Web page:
Why are humans so bad at estimating?

Prediction is hard, especially if it’s about the future” — Yogi Berra

Most estimates are wrong most of the times.

Think about it, from the cost of renovating your flat to how long it’s going to take you to do your taxes to how much it’s going to cost to design that website, we’re all bad at this.

Deadlines, budgets and expectations don’t stand a chance when it comes to humans estimating things.

The good news is that everybody goes through this so you don’t have to be too hard on yourself. Not knowing exactly what the future’s got in store for you is one of the great things about life. It would be pretty boring otherwise.

We wanted to better understand why everybody’s so bad at estimating. Out of the many reasons out there, here are the ones we found most insightful:

1. We love to procrastinate

Hmm, an important-essay is due in 48 hours. This seems like the perfect time to start Season 2 of Lucifer.

You know what you have to do, but you wait until the last minute to do it, or you don’t do it at all.

This isn’t necessarily a sign of laziness or not giving a damn. In fact, most procrastinators are intelligent, hardworking, capable people who simply cannot finish tasks on time.

Researchers found out that the process of procrastinating comes from a deep fear of failure, of making mistakes. It’s not easy to overcome the fear of failure, but what you can do is start looking at things from a different perspective. So what if you fail?! Maybe it will make you stronger! Try to see failure as a necessary step on the road of success and everything will come naturally.

2. We tend to have incomplete recalls of previous experiences

Today was the second time I got to your place by getting lost the same way as last week.

The inner workings of our brain are to blame for this one. When we do things right, a neural pathway is created but the same happens when we do things wrong.

In short, by performing any type of action, we build habits, both good and bad through practice and repetition of thinking, feeling and acting. The reason we keep estimating badly is that we slip back into our existing neural pathways.

There are many things to do if you want to change the habits that harm you. One of the most effective is meditation because it forces your brain to break free from normal patterns entering a deep relaxation state. You can also repeat a behaviour (think positive thoughts) or exercise an action (learning a new language or a new instrument). This way, new neural pathways are created, replacing the older ones.

3. We are stuck in the Planning Fallacy

I was pretty convinced I could build Buster his dog house over the weekend. That was two weekends ago. I gave up and bought him a raincoat.

The term, first introduced by Daniel Kahneman and Amos Tversky in 1979, describes the phenomenon in which humans display an optimism bias when planning or evaluating things for the future.

The phenomenon only takes place with tasks that we have to do. The interesting thing is that if we are to estimate tasks made by others we tend to believe that they will take more time than they really should.

In short, the paper proposed by the two researchers says that humans are extremely bad at estimating.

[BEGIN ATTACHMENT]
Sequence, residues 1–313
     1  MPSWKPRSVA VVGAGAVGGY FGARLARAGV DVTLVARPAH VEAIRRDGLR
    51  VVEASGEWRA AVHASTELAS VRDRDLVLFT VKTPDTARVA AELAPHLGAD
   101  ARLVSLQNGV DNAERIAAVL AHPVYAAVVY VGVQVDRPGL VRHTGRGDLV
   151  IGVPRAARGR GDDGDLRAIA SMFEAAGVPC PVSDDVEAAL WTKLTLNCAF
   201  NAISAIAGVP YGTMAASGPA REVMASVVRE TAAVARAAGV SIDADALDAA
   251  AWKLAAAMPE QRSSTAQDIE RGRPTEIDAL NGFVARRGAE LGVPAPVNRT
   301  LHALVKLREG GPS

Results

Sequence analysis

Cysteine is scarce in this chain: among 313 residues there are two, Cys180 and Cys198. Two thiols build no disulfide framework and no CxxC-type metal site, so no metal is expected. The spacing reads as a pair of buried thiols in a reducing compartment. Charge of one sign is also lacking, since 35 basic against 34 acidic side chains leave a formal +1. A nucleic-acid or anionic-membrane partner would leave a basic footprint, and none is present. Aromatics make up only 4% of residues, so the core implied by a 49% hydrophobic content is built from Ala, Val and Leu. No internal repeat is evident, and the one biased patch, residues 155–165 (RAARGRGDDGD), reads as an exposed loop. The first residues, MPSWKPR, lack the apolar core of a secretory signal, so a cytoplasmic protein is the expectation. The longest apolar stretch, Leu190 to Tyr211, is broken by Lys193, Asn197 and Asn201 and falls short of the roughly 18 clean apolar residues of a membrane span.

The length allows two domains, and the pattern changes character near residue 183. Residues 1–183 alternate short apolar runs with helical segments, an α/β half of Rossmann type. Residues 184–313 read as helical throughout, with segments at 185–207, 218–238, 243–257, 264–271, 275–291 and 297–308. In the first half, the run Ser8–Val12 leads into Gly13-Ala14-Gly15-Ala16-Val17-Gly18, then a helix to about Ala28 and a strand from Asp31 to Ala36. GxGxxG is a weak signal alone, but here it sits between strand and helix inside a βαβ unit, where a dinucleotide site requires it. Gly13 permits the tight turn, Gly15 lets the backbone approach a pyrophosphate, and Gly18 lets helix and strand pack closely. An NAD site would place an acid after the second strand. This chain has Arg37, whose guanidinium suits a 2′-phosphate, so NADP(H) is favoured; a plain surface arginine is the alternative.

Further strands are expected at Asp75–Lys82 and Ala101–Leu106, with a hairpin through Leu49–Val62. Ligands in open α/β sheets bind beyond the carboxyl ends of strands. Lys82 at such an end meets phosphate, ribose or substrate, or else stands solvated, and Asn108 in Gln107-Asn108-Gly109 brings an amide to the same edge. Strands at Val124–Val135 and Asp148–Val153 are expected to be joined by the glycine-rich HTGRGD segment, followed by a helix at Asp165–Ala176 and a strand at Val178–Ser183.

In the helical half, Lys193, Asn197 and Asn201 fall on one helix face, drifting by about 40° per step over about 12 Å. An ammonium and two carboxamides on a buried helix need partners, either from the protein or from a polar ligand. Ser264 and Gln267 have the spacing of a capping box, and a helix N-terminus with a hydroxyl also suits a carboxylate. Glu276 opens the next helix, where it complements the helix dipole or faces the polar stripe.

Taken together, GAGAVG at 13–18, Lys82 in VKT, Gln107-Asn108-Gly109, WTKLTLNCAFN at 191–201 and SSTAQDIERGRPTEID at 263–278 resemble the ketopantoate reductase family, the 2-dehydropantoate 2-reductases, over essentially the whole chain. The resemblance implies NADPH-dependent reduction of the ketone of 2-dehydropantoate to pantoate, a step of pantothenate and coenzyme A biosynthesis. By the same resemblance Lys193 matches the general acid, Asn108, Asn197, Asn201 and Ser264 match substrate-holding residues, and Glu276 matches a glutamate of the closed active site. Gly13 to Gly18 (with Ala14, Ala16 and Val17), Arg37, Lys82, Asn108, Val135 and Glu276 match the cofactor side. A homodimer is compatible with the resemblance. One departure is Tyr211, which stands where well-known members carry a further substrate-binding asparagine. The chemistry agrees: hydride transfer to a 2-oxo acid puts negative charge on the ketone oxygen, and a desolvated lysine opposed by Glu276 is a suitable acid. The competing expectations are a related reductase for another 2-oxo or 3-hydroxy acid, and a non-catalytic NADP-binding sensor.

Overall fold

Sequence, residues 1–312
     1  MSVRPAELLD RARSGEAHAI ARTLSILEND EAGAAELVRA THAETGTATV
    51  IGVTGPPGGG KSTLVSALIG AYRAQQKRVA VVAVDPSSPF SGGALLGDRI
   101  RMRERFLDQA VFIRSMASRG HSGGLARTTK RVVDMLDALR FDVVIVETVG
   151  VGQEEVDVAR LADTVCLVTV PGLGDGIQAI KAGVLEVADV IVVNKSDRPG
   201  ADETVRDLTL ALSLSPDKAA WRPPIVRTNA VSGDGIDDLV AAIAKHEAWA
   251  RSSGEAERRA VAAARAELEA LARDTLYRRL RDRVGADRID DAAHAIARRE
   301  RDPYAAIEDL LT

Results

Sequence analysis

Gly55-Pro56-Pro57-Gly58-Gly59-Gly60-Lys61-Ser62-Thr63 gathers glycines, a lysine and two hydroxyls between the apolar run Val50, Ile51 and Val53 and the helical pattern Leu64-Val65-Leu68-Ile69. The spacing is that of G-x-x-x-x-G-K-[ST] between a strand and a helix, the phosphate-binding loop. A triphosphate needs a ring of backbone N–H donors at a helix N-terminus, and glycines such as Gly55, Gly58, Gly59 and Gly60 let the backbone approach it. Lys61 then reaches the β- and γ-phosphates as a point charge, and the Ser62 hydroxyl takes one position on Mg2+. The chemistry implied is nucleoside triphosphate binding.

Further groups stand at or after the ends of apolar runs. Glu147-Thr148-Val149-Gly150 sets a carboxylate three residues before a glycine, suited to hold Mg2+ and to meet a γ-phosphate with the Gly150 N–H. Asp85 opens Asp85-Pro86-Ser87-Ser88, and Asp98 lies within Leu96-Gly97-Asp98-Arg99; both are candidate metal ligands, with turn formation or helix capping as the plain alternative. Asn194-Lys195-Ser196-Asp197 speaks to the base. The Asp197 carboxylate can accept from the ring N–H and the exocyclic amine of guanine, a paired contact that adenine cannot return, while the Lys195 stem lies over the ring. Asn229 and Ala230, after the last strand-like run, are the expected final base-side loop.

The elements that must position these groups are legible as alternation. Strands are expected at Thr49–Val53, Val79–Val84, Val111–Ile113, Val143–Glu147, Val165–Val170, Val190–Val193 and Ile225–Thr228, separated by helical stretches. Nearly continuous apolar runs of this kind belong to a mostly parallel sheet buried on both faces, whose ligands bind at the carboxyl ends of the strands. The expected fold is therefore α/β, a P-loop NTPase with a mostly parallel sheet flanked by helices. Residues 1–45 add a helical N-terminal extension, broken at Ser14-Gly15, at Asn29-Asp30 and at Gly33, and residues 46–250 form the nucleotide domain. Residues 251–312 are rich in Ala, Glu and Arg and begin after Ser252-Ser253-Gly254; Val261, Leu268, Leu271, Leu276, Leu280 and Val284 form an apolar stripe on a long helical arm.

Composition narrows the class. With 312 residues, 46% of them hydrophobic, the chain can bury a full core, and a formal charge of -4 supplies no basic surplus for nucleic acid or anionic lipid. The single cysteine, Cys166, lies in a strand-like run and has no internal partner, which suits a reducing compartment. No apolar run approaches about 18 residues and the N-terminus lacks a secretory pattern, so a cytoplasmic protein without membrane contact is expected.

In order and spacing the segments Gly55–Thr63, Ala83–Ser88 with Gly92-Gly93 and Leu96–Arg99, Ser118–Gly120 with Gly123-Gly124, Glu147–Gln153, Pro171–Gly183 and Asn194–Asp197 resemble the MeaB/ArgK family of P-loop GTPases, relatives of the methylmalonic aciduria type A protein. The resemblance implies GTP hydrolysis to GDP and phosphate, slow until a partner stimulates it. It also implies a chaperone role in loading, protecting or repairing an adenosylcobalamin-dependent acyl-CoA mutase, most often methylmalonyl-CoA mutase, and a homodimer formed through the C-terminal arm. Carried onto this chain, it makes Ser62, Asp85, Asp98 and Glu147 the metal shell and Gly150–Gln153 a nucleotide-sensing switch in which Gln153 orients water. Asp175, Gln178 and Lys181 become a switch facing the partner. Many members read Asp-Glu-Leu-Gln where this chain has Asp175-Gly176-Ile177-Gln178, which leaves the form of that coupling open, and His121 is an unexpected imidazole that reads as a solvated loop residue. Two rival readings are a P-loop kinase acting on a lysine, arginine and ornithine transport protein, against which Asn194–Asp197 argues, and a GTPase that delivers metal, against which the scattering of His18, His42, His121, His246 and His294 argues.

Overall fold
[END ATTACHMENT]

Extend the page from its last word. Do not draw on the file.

The good news is that you can overcome planning fallacy by using past similar activities to guide your future estimates. Use your knowledge based on experience to plan similar tasks in the future.

4. We tend to have focus bias when estimating

"On Sale, 24 rolls of duct tape for just $29.99” — I sometimes use duct tape and this seems like a pretty good offer, why not?!

Anchoring is a cognitive bias described as our tendency to only focus attention on one aspect of a task and ignore the rest.

By focusing too much on one thing we tend to neglect other important factors thus, our predictions turn out to be inaccurate and unrealistic. There are several theories on how people can overcome anchoring, depending on their mood or how much information they are given.

One thing you can do is simply accept your vulnerability to anchoring and try to consciously observe your behaviour when you estimate. If you notice you’re drawn into anchoring, take a step back and force yourself to zoom out from that initial piece of information.

5. We are too optimistic and want to please others at all costs

Don’t worry, dear! We won’t have to stay with my parents much longer because our house renovations will be finished in one week.

People significantly underestimate the amount of time it will take them to complete tasks when there are others involved (colleague, client, spouse, you name it). We want to make a good impression so we tend to be much more optimistic, insinuating that we can do things faster because we are better. The paradox is that, by doing so, the estimate will be unrealistic, the outcome won’t meet expectations and people will be left disappointed.

So, the next time you estimate something, keep in mind that it is better to be honest with yourself and your partners so no one ends up frustrated.

Humans will always be naturally bad at estimating stuff. We can’t change that, but we can help you estimate things more accurately.

Specstimate will help you write better project requirements together with your clients and make more realistic estimates. All in a collaborative and transparent manner that inspires trust and professionalism.

If you are a freelancer or work in a digital agency you can sign up for Early Access on our website.

May your estimates forever be accurate!

P.S.: We estimated we'd be publishing this article by Tuesday. Hello Wednesday!